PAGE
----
‘Breaking Bad’ Actor Shares Touching Fan Interaction Inspired by Jane Margolis’ Overdose Scene

The AMC drama Breaking Bad is filled with touching moments. While the series is mostly about Walter White becoming a drug kingpin to make a lot of cash, there are subthemes throughout dealing with family, friendship, betrayal, and the negative effects of drugs, to name a few.

One of the hardest scenes both to film and to watch on Breaking Bad was Jane Margolis’ overdose. Many Breaking Bad fans saw this moment as a real turning point for Walter White as he indirectly contributed to her death. And Walt wasn’t the only one moved by that moment.

Jane’s death on ‘Breaking Bad’ was a difficult scene to film

Walter White watches Jane die on Breaking Bad
Jesse Pinkman (Aaron Paul), Jane Margolis (Krysten Ritter) and Walter White (Bryan Cranston) | Lewis Jacobs/AMC

Bryan Cranston is a professional actor who’s used to controlling his emotions for difficult scenes. But even he came undone while watching Jesse’s girlfriend Jane (Krysten Ritter) pretend to overdose right in front of him.

The scene happens during season 2 episode 12, “Phoenix.” Walt witnesses Jane overdosing on heroin and choking on her own vomit. His first instinct is to save her life but, thinking of what he could gain by her death, Walt instead watched her die and didn’t intervene.

Cranston later told IndieWire that he pictured Ritter as his own daughter.

“In a split second [Krysten’s] face lost all characteristics, and out of that came the face of my real daughter choking to death,” Cranston said. After the cameras stopped rolling, the actor broke down.

“I’m a weeping mess,” he continued. “Fortunately, you have your family around you, and I went to Anna Gunn [Skyler White] and she held me.”

Fans were moved by Jane’s storyline on ‘Breaking Bad’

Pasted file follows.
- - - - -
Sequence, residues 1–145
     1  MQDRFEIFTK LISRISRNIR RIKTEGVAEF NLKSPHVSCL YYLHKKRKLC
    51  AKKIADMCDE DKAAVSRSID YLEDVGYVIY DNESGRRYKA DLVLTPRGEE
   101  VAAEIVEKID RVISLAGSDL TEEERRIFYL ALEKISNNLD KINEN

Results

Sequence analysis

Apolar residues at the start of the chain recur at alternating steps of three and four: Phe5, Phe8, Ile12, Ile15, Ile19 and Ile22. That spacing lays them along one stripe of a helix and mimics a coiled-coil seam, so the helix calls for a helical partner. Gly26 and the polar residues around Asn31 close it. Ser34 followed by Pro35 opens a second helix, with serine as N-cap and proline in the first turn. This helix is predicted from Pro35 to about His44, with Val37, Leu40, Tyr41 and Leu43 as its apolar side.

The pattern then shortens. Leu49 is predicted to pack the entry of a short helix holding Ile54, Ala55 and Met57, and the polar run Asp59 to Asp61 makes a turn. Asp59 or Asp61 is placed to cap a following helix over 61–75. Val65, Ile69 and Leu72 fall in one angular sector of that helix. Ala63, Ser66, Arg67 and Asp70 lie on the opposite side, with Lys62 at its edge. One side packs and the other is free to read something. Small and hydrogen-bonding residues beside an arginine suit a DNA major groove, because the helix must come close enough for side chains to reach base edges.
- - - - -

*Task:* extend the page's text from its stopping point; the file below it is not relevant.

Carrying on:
RELATED: ‘Breaking Bad’: All the Terrible Symbolism of the Pink Teddy Bear, From the Eyeball of Morality To ‘Schindler’s List’

Walter White wasn’t too torn up over Jane’s death on the show, but her father certainly was. Shortly after she overdosed, Donald Margolis (John de Lancie), suffered a mental breakdown at work as an air traffic controller and caused a plane crash.

And that scene resonated with one young fan who saw similarities between Jane’s story and his own. While speaking with Variety, de Lancie recalled how the fan approached him to share that personal connection.

“…Just imagine a 22-year-old, shy, kind of strung-out kid who comes up to me and says, ‘Hey, are you Jane’s father?’ And I go, ‘Uh yeah.’ And he’s looking at me kind of askance, and he goes, ‘Yeah, well, now I guess I know what my parents went through,’” the Breaking Bad alum recalled.  

“I’m sure his parents did everything to try to keep him from, you know — ‘Please, you can’t keep on doing this, you’re going to ruin your life.’ And he couldn’t hear any of it, but he could be affected when he saw it in a story. So I’m really happy to have played that role.”

‘Breaking Bad’ excelled at conveying true human emotion

Most of the situations on Breaking Bad are beyond the realm of what people will experience in their everyday lives. But the emotions behind the drama are all too real, which is part of what made the drama so popular.

Ritter also recalls being moved by her character’s death, which came as a big surprise for her. She told People TV’s Couch Surfing, “It wasn’t really until we were shooting it that the whole death around the character hit me. So, I knew I was gonna die. I’m reading the script, I’m like, ‘Cool, rock and roll, she dies. So fun!'”

She went on, “But then you’re doing it … and you’re in this death makeup; they built a cast for my chest so that Aaron Paul can really be pounding on my chest. And then Bryan, after the take, you just see him sitting quietly in the corner. It was intense, and I will never forget it.”